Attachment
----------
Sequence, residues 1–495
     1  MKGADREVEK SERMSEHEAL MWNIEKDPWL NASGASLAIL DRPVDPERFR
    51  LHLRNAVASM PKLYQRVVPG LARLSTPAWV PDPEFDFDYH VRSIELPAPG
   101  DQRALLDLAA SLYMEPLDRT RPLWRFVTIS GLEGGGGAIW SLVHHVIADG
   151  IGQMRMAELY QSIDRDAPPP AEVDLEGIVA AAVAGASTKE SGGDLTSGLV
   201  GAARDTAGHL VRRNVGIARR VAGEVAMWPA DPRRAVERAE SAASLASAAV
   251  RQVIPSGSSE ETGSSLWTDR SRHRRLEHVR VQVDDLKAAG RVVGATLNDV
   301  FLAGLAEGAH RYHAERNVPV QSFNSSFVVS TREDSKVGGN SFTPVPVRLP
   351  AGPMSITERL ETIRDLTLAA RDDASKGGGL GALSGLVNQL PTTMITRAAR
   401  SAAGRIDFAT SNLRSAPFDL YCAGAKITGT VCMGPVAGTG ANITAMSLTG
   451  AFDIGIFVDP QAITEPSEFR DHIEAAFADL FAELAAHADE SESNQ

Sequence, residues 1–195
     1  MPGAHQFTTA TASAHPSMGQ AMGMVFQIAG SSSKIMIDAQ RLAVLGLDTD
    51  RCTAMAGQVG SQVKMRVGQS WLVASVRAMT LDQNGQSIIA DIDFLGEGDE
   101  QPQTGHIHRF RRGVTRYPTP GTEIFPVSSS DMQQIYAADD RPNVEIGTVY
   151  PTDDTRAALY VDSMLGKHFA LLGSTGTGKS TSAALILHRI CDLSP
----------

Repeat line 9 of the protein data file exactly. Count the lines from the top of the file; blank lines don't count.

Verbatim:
   351  AGPMSITERL ETIRDLTLAA RDDASKGGGL GALSGLVNQL PTTMITRAAR